How to Pass­word-Pro­tect Files on Mac

This article is about How to Pass­word-Pro­tect Files on Mac. So read this free guide, How to Pass­word-Pro­tect Files on Mac step by step. If you have query related to same article you may contact us.

How to Pass­word-Pro­tect Files on Mac – Guide

There are probably some files or folders on your Mac that you prefer that no one has access to. Confidential financial information, personal documents and work products are good examples of files that other people shouldn’t see. The easiest way to protect your digital documents is to use passwords for them. Let’s show you how to password protect a folder, how to add a password to a folder and we’ll discuss some methods to protect your digital documents and limit the amount of storage space these documents take up up on your Mac.

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Protect individual documents with pages

If you don’t mind password protecting large groups of files or anything outside of standard documents, you can use Apple’s Pages app to do the job for individual files. Pages is Apple’s word processor that comes with every Mac, so there’s no need to spend money on software like Microsoft Word.

In Pages, just start a new document or open an existing one. Before closing or saving it, click File on the menu bar. Then, move the mouse to Set password … and click on it.

This will prompt you to create a password for this document. Enter the same password in the Verify field. Although it is only optional, it is also recommended to come up with a password hint in case you forget your password. After finishing, there is no way to return to this document without knowing the password.

When you’re ready, click Set password. You will notice that, after saving the document and locating it in the Finder, the icon now has a lock to indicate that it is password protected. When you try to open it in the future, you will be asked to enter the password you have set.

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Create a password protected disk image

To protect large groups of files with a password, several different file types, or multiple folders, it is best to create just one large password-protected disk image to store everything. This is basically like creating a virtual hard drive that lives on its own hard drive. There is no need to connect any external devices.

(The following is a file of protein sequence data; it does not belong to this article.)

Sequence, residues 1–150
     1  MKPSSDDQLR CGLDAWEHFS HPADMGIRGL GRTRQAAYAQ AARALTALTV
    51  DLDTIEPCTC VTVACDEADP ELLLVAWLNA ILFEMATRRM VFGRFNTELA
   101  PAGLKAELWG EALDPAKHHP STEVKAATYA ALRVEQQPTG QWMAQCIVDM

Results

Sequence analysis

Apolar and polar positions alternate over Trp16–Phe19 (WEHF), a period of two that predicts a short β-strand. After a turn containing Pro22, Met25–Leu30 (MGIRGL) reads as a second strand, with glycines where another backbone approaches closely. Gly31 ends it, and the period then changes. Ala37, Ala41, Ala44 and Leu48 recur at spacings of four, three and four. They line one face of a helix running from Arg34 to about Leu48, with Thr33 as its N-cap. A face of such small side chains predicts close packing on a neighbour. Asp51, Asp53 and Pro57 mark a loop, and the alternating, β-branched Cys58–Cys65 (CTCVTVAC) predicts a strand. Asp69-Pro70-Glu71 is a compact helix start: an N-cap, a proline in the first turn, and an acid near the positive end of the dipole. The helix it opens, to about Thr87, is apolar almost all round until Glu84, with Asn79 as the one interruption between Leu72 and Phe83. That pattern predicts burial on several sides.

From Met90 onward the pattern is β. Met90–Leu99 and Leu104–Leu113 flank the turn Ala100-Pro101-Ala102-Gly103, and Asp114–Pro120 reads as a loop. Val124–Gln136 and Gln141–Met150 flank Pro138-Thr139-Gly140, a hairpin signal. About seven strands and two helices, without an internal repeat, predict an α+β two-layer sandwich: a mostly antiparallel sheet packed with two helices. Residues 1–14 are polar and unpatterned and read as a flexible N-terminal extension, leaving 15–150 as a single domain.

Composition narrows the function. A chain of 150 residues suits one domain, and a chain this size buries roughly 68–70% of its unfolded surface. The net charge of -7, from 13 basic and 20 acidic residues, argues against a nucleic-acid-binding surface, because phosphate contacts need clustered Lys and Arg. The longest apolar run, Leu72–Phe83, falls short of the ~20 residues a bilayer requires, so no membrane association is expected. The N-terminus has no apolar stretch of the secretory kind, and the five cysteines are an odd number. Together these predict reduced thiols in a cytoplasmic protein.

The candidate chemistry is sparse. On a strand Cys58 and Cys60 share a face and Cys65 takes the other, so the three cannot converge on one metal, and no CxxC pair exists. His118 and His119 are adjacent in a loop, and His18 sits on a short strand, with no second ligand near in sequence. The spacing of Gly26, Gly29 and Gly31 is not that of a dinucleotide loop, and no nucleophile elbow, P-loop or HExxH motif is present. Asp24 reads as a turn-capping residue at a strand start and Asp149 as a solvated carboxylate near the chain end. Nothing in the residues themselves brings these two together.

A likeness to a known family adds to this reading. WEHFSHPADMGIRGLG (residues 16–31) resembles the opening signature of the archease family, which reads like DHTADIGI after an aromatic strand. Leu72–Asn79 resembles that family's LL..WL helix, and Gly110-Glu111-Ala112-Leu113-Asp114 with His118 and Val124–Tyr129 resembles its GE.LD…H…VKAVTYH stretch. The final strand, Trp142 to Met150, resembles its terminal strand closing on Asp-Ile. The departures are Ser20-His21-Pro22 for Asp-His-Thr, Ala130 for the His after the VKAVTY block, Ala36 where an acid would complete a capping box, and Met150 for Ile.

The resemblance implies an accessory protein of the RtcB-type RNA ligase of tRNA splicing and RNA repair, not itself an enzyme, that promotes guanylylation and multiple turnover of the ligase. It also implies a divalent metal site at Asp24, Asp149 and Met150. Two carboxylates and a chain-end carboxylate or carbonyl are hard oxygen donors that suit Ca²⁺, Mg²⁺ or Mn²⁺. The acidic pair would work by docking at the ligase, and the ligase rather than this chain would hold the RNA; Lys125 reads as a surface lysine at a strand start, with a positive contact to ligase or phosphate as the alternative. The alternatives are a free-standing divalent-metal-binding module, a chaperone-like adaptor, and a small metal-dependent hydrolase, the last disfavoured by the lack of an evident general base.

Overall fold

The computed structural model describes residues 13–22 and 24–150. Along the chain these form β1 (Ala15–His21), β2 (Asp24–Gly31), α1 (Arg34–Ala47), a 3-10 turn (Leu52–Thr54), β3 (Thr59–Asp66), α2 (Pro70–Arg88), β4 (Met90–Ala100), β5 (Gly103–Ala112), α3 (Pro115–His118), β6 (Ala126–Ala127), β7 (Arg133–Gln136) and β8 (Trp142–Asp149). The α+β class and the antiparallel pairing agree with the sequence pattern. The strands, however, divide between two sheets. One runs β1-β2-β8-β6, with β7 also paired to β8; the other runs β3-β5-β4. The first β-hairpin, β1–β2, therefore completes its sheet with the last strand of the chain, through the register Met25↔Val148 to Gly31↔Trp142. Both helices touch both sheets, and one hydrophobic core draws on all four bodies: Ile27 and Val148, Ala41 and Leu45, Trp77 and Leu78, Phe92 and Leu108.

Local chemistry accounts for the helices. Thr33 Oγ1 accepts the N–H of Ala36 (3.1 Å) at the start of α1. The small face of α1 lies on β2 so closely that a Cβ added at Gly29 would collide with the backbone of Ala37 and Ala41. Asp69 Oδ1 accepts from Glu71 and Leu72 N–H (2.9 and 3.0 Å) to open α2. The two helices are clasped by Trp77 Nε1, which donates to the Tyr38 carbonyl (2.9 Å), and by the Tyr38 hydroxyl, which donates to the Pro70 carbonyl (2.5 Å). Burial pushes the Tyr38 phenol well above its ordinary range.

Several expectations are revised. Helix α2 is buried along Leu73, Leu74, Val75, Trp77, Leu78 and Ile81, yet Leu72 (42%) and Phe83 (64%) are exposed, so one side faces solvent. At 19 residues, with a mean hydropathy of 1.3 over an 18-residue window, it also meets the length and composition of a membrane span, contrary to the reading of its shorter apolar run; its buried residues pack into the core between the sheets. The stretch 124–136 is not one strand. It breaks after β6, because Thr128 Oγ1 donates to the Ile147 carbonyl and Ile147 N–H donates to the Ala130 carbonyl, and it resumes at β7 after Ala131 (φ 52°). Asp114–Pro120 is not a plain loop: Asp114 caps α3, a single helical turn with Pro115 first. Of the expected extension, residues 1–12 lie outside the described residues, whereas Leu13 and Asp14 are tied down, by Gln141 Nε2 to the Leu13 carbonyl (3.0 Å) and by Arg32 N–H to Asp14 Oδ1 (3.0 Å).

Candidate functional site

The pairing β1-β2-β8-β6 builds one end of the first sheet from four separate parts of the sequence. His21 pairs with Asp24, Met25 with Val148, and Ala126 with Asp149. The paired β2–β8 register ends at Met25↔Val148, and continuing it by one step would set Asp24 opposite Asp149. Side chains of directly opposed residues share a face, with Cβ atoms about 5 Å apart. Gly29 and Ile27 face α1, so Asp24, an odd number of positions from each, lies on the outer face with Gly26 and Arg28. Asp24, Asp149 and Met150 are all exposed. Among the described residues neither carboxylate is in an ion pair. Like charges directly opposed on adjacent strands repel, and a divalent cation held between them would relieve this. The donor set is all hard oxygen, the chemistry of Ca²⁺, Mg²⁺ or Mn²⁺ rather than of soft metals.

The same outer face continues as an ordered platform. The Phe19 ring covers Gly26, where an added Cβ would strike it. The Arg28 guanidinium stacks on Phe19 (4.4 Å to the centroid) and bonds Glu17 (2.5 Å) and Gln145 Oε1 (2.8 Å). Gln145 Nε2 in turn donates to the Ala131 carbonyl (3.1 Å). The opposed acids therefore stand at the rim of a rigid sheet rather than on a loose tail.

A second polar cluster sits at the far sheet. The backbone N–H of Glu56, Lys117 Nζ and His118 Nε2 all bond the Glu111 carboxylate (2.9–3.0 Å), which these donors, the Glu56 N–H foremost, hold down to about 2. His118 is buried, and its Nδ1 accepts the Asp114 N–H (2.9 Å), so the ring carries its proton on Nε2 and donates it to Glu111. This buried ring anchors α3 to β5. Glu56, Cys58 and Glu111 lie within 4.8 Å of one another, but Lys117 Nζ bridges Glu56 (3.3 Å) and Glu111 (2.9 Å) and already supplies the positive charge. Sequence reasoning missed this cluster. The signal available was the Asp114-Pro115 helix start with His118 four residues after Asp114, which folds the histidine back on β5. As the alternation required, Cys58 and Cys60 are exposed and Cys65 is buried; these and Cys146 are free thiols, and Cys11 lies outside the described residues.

Observation: Make sure you have some free space left to dedicate to the disk image before creating it. The amount needed depends on the number of files you want to store. If you only need to store documents, think of megabytes. Generally, about 100 MB should do the trick. If you need to password-protect groups of images or videos, you might consider 1 GB or 2 GB of storage instead.

To create the password-protected image, you’ll need to use the Disk Utility application on your Mac. Open it in the Applications folder in the Finder or just search for it using Spotlight. From here, click on File in the menu bar, New Image and then Blank Image … This will create a blank image from scratch.

Name your disk image and choose a location to store it. Then, below the main fields, you have options to customize it. Enter the size in the appropriate field. (If you’re not sure about the size, try 100 MB for now and see how it suits you.) Keep the format for the standard extended OS X (daily).

For the encryption type, select the 128-bit AES encryption option (recommended). You are asked to set your password here, so choose something safe, but easy to remember.

After that, leave everything else unchanged: “Single partition – GUID partition map” for partitions and “read / write disk image” for image format.

Now you will want to open your disk image by double clicking on the Finder and entering your password. Move any files or folders you want to protect to the disk image. Click Eject button in the Finder sidebar when you’re done.

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Final note

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